The quicksand of caste
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- Lalu Yadav, Amit Shah booked for 'Narbhakshi', 'Chara chor' comments
- Nehru's niece returns Sahitya Akademi Award, questions PM's silence on 'reign of terror'
- Delhi MLAs may get 400 per cent hike in salary
- American Airlines plane makes emergency landing after pilot dies mid-flight
Should the ambit of reservation be expanded? An open letter to Dalit friends
Friends, the very act of writing on reservations reveals a profound failure. We have not evolved a practice of common citizenship. Reservation about any form of reservations runs the risk of being an exercise in bad faith. What locus standi do I have to even begin to make any arguments? I cannot even pretend to imagine what it means to suffer the horrendous violence and indignity associated with caste. Can anyone trust the state to deliver on more effective forms of empowerment? How can anyone make a good faith argument that we need to move beyond caste? The comforting illusion that caste need not matter is itself a mark of privilege. How can one even say that it is time to break the tyranny of compulsory identities? Caste is a compulsory identity; its reality is still socially produced. So what is the point of bemoaning the fact that the state now categorises us in ways we cannot escape? In short, the attempt to transcend caste lines breaks down even before it begins. Caste has become like quicksand; simply the act of talking about it implicates you in it. Since we cannot escape our caste, we cannot speak to and speak for each other.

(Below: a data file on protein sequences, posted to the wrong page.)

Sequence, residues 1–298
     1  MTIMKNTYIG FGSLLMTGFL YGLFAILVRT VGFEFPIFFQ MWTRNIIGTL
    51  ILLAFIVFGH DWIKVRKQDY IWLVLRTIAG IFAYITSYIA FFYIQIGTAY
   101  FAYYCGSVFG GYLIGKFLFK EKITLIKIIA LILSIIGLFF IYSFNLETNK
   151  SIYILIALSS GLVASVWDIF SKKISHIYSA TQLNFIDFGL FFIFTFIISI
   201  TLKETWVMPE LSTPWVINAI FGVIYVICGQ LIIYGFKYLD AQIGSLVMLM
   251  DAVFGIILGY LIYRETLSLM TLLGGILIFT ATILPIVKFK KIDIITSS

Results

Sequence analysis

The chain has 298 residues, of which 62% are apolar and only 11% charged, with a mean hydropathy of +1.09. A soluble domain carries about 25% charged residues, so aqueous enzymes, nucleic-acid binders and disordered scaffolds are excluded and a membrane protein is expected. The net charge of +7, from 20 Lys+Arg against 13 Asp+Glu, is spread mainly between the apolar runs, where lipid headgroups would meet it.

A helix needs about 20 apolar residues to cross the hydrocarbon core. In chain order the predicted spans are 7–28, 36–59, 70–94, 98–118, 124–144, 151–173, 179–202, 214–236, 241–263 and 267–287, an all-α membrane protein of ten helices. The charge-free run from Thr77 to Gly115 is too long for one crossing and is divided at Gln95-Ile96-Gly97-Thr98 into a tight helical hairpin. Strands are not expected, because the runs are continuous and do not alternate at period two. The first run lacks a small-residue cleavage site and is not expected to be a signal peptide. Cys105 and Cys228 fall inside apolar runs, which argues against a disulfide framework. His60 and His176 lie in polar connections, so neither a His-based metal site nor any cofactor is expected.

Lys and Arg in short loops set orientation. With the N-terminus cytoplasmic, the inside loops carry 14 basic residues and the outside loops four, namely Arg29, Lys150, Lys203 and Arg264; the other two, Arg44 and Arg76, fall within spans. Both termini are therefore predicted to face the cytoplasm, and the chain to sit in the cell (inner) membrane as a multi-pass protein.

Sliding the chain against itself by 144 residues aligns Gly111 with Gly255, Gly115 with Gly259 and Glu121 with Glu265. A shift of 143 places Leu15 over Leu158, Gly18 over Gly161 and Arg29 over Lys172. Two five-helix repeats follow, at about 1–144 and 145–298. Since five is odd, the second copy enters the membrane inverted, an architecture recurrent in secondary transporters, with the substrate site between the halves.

But we are stuck in this impasse. The government is moving, with unusual alacrity, to amend the Constitution to overturn court rulings that restrict reservations in promotions. The political consensus on this subject is not a sign of normative consensus; it is a sign that the chasm between citizens is so deep that the only tactful thing seems to be withdrawal in silence.
I am not writing to debate the technical merits of the constitutional amendment, or the legal absurdities that have now piled up in our system. I also do not share the grounds on which so much of the argument in these areas is made: unthinking usage of an abstract idea of merit. But this is a small plea to clear some space for the consideration of alternative paradigms. Otherwise, we shall not only remain tyrannised by compulsory identities, we will face an intellectual closure that will forever shrink our possibilities.